Prof. Patrick McGorry Evidence supporting this proposition has been building steadily over the last decade, and with this progress, it is now accepted at both the State and Federal Government levels, as well as within the wider community, that major reform and significant investment is required in mental health care in Australia, and indeed world-wide. As Australian doctors, present and future, we live in exciting times. We have reached the tipping point; reform is inevitable, and indeed, the first steps have been taken. A career in psychiatry has always offered benefits such as real contact with patients, rewarding work, intellectual stimulation, interesting research questions and the possibility of maintaining a good work/life balance, but now Australia’s psychiatrists have the potential to be part of a social climate change not only here in Australia, but also world-wide. The need is only too real, and the potential to address it has never been better. As Australia’s doctors of the future, an exciting career option beckons you: consider psychiatry, and make a real difference to our future.
“Ample evidence shows that mental ill-health in young people is associated with high rates of enduring disability, including school failure, unstable employment, poor social and family functioning”
Ten tips to stay mentally healthy Enjoying mental health means having a sense of wellbeing, being able to function during everyday life and feeling confident to rise to a challenge when the opportunity arises. Just like your physical health, there are actions you can take to increase your mental health. Boost your wellbeing and stay mentally healthy by following a few simple steps.
1. Connect with others. Develop and maintain strong relationships with people around you who will support and enrich your life. The quality of our personal relationships has a great effect on our wellbeing. Putting time and effort into building strong relationships can bring great rewards.
7. Deal with stress. Be aware of what triggers your stress and how you react. You may be able to avoid some of the triggers and learn to prepare for or manage others. Stress is a part of life and affects people in different ways. It only becomes a problem when it makes you feel uncomfortable or distressed. A balanced lifestyle can help you manage stress better. If you have trouble 2. Take time to enjoy. Set aside time for activities, hobbies winding down, you may find that relaxation breathing, yoga or and projects you enjoy. Let yourself be spontaneous and creative when the urge takes you. Do a crossword; take a walk in your local meditation can help. park; read a book; sew a quilt; draw pictures with your kids; play 8. Rest and refresh. Get plenty of sleep. Go to bed at a with your pets – whatever takes your fancy. regular time each day and practice good habits to get better sleep. Sleep restores both your mind and body. However, feelings 3. Participate and share interests. Join a club or group of of fatigue can still set in if you feel constantly rushed and overpeople who share your interests. Being part of a group of people with a common interest provides a sense of belonging and is good whelmed when you are awake. Allow yourself some unfocussed for your mental health. Join a sports club; a band; an evening walk- time each day to refresh; for example, let your mind wander, daydream orsimply watch the clouds go by for a while. It’s OK to ing group; a dance class; a theatre or choir group; a book or car add ‘do nothing’ to your to-do list! club. 4. Contribute to your community. Volunteer your time for a cause or issue that you care about. Help out a neighbour, work in a community garden or do something nice for a friend. There are many great ways to contribute that can help you feel good about yourself and your place in the world. An effort to improve the lives of others is sure to improve your life too. 5. Take care of yourself. Be active and eat well – these help maintain a healthy body. Physical and mental health are closely linked; it’s easier to feel good about life if your body feels good. You don’t have to go to the gym to exercise – gardening, vacuuming, dancing and bushwalking all count. Combine physical activity with a balanced diet to nourish your body and mind and keep you feeling good, inside and out.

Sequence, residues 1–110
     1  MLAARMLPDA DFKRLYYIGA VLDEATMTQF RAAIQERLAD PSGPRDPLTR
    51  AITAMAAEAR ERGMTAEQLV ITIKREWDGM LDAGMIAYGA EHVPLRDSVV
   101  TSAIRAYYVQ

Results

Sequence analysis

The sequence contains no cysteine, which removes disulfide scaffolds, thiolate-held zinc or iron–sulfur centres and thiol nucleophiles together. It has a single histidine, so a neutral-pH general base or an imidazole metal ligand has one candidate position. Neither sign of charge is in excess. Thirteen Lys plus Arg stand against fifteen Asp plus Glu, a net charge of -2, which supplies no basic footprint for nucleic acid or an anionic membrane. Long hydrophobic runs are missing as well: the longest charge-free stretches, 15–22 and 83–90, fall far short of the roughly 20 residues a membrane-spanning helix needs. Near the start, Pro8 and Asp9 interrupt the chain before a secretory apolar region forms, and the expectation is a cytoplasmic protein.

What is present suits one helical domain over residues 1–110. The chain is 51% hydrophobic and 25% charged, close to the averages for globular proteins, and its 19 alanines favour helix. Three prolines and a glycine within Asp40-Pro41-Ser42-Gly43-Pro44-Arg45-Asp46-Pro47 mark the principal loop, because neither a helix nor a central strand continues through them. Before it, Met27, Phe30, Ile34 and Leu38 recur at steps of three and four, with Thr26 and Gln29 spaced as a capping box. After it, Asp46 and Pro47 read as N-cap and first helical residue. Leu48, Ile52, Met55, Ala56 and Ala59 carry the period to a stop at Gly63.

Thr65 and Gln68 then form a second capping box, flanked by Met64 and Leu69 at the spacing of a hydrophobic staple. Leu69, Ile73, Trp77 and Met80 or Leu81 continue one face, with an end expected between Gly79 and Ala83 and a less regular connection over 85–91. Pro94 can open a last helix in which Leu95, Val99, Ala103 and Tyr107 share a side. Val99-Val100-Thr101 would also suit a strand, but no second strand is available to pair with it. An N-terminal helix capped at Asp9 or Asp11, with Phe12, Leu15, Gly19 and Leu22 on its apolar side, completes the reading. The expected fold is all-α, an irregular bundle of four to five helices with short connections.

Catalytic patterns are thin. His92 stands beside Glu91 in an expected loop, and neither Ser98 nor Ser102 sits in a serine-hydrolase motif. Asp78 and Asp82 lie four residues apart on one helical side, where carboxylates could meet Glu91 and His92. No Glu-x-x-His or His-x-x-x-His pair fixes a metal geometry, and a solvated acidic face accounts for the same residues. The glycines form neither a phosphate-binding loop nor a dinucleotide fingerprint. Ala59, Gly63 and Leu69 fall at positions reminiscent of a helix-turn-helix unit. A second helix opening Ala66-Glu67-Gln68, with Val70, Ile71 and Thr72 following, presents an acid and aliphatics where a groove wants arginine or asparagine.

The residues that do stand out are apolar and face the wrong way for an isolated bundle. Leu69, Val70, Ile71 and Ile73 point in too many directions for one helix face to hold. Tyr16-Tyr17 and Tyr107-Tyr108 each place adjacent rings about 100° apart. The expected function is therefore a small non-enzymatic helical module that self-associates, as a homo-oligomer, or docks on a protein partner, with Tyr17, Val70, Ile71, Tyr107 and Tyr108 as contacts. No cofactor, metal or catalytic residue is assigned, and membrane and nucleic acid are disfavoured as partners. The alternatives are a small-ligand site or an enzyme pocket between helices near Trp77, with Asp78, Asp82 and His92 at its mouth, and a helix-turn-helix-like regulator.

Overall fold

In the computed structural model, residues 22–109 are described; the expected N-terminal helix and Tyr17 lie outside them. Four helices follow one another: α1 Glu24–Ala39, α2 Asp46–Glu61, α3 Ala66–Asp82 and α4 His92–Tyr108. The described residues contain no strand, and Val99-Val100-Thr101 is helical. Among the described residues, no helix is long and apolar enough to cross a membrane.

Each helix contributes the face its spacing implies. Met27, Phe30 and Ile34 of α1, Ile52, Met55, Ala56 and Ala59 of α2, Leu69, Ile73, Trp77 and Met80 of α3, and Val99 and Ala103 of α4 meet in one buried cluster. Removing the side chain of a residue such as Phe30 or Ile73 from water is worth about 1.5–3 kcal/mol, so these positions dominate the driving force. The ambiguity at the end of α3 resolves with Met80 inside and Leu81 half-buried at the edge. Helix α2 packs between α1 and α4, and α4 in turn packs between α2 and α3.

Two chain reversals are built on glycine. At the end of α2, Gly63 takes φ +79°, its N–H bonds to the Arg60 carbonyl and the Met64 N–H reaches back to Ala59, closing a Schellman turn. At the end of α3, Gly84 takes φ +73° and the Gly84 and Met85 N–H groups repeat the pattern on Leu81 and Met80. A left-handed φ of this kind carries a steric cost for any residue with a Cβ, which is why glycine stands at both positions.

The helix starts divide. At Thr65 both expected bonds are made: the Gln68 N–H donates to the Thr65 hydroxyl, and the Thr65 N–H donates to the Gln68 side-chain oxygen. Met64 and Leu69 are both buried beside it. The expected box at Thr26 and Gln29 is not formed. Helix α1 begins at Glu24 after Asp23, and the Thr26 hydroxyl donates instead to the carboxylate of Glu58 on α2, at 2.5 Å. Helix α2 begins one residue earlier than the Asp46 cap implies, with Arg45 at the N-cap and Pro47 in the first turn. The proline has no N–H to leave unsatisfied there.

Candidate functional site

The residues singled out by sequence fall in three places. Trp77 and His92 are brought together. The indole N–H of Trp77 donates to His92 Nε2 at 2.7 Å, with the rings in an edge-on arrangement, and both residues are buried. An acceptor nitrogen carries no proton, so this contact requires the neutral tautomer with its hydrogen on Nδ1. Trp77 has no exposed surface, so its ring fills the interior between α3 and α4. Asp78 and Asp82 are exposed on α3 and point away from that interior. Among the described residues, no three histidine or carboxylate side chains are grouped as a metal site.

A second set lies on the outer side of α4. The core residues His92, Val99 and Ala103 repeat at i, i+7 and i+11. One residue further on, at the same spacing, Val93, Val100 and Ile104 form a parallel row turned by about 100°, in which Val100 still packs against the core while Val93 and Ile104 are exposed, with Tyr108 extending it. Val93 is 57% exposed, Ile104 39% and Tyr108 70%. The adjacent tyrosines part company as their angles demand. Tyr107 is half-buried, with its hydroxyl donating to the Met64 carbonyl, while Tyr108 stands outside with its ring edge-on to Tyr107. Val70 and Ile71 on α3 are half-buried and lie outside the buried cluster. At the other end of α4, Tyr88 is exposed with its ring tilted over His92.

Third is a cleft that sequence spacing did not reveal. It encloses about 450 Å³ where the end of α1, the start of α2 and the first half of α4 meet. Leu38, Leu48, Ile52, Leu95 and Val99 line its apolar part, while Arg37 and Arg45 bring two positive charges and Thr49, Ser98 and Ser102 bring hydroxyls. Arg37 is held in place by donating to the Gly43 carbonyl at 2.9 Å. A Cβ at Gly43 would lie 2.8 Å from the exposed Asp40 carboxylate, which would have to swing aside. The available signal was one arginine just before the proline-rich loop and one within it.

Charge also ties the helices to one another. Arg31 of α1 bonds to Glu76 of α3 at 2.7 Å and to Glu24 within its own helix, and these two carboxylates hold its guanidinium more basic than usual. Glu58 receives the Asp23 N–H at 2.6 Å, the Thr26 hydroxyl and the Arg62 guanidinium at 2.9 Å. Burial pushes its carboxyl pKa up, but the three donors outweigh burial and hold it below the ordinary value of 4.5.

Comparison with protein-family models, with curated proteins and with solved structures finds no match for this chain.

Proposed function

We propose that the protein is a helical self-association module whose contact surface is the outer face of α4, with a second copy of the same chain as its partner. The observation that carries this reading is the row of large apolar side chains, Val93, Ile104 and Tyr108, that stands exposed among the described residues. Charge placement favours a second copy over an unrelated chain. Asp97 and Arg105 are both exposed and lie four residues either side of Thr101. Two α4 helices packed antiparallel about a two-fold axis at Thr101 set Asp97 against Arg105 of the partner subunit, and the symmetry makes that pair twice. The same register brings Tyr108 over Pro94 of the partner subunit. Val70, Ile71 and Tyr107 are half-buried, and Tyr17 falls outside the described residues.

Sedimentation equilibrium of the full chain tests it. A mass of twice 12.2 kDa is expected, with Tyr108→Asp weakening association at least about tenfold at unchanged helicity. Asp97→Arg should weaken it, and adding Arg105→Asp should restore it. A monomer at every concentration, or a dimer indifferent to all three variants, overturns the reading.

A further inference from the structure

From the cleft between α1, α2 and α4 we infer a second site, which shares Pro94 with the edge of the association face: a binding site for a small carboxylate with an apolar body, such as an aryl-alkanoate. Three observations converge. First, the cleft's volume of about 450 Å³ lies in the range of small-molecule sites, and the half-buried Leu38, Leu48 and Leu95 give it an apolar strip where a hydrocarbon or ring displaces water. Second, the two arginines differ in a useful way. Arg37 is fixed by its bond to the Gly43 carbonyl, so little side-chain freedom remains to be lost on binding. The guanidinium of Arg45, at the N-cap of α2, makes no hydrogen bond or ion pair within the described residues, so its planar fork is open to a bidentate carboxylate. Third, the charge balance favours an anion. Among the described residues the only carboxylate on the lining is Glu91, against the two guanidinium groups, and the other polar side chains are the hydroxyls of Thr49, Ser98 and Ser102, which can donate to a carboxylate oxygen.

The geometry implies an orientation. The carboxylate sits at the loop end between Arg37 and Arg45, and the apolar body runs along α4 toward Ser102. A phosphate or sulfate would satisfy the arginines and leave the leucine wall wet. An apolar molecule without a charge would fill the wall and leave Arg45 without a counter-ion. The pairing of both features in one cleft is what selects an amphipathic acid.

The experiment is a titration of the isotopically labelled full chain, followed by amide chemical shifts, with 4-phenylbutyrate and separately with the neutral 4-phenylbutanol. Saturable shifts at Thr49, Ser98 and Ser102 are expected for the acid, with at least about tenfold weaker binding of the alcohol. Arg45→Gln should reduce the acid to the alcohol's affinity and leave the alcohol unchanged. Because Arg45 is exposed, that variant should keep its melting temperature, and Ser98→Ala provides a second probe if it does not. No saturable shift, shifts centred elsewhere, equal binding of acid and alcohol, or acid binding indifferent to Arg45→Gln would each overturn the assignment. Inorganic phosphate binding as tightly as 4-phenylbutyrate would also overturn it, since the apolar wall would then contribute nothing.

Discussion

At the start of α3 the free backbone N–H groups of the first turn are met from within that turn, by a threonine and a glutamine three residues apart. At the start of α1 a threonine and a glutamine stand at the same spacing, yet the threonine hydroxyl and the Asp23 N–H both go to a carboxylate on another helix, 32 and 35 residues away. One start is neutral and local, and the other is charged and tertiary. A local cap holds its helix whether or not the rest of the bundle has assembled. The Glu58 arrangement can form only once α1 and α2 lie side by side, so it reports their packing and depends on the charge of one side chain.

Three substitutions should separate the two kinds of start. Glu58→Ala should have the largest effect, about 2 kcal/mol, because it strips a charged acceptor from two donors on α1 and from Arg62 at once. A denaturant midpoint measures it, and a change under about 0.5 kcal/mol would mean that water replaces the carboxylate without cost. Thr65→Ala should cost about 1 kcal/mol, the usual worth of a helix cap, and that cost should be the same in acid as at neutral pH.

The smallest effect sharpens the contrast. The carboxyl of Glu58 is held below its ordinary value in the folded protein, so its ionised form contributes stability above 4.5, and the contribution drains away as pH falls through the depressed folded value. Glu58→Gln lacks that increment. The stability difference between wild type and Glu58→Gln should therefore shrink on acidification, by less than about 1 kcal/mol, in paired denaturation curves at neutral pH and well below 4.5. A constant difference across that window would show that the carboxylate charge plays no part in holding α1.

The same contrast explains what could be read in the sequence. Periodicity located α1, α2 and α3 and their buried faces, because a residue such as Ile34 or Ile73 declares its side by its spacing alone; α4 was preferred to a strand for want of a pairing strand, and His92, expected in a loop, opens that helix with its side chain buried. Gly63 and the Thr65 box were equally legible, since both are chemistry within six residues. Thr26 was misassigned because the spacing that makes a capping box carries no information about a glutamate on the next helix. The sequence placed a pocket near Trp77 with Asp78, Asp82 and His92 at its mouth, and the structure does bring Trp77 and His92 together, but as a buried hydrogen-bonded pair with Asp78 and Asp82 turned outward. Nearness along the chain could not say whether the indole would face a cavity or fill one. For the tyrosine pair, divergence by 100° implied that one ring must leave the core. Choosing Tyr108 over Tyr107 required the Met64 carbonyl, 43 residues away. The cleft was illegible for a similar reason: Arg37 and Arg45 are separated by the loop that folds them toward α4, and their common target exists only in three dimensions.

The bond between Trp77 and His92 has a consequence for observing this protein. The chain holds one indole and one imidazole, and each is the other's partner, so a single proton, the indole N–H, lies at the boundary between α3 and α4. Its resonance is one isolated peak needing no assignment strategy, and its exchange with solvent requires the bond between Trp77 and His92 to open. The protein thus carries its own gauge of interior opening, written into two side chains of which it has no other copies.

9. Notice the here and now. Take a moment to notice each of your senses each day. Simply ‘be’ in the moment – feel the sun and wind on your face and notice the air you are breathing. It’s easy to be caught up thinking about the past or planning for the future instead of experiencing the present. Practising mindfulness, by focusing your attention on being in the moment, is a good way to do this. Making a conscious effort to be aware of your inner and outer world is important for your mental health. 10. Ask for help. This can be as simple as asking a friend to babysit while you have some time out or speaking to your doctor (GP) about where to find a counsellor or community mental health service. The perfect, worry-free life does not exist. Everyone’s life journey has bumpy bits and the people around you can help. If you don’t get the help you need first off, keep asking until you do.
6. Challenge yourself. Learn a new skill or take on a challenge to meet a goal. You could take on something different at work; commit to a fitness goal or learn to cook a new recipe. Learning improves your mental fitness, while striving to meet your own goals builds skills and confidence and gives you a sense of progress and achievement.
MENTAL HEALTH MAGAZINE